Jerusalem (Reuters) – Israel aims to reopen its economy by April 5 after having vaccinated all its eligible population and is in talks with vaccine makers Pfizer and Moderna to open facilities in the country, Prime Minister Benjamin Netanyahu said on Wednesday.
Israel has been importing Pfizer-BioNTech PFE.N, BNTX.O and Moderna Inc MRNA.O vaccines. It has administered at least one Pfizer dose to almost 50% of its 9 million population so far in one of the world’s swiftest campaigns.
On Sunday, Israel reopened many businesses, including street shops and malls though with some leisure facilities being open only to people immunised by vaccine or by having recovered from COVID-19. Many school children have returned to class but middle-school pupils are still home-learning, while restaurants are allowed to provide take-out and deliveries only.
Speaking to reporters in Tel Aviv, Netanyahu said all eligible Israelis, 16 years of age and up, were expected to have been inoculated by the end of March, allowing a full reopening of the economy by April 5.
Seeking re-election in a March 23 ballot, Netanyahu also said he was in talks with the heads of Pfizer and Moderna. “We are going to establish two factories here that will make Israel part of the global vaccine supply chain,” he said.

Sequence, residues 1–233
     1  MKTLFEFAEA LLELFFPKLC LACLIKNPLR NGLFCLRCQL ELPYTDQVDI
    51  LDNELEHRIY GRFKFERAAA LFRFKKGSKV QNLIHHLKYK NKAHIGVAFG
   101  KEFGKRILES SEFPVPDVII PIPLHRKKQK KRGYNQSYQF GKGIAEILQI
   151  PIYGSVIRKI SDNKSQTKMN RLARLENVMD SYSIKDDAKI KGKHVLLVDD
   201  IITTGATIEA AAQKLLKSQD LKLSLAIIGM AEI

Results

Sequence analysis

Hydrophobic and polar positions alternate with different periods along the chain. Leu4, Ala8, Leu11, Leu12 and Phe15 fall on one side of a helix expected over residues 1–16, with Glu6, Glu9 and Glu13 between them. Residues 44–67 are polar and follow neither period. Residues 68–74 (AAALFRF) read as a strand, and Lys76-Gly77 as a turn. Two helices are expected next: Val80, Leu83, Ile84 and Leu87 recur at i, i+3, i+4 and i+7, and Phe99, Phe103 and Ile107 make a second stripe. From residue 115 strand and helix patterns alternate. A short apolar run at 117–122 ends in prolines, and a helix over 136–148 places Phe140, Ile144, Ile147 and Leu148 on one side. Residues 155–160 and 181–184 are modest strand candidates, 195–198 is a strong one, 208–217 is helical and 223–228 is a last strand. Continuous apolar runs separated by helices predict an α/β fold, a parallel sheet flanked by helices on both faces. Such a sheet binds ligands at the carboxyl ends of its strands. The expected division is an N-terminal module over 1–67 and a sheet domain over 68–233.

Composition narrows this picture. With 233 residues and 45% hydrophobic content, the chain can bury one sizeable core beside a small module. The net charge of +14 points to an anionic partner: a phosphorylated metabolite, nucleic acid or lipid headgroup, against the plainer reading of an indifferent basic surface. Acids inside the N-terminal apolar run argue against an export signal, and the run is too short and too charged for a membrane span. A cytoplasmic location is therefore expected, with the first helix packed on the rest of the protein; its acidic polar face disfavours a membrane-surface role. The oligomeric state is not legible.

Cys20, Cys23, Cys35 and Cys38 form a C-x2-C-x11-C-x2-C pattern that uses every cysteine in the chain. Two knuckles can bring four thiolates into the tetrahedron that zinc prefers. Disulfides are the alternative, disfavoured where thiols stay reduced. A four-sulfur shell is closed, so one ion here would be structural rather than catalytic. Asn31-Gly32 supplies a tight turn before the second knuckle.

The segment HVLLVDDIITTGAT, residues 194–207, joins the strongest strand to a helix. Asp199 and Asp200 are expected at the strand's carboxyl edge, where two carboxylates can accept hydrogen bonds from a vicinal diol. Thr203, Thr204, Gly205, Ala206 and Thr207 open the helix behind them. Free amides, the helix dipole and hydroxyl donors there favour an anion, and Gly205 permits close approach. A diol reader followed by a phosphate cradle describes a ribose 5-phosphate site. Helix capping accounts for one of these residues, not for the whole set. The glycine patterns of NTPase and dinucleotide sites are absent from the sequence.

Netanyahu said one would manufacture vials for Moderna and the other would be a research and development centre for Pfizer. There was no immediate comment from either company.
On Tuesday Israel said it was giving small amounts of surplus COVID-19 vaccines to Palestinian-run territories as well as to several countries.
This month the Palestinians received an initial shipment of Moderna doses from Israel, helping to kick off a limited vaccination programme in Gaza and the Israeli-occupied West Bank. While Israel has been vaccinating Palestinians in East Jerusalem, it had come under foreign criticism for not extending its campaign to the other Palestinian areas.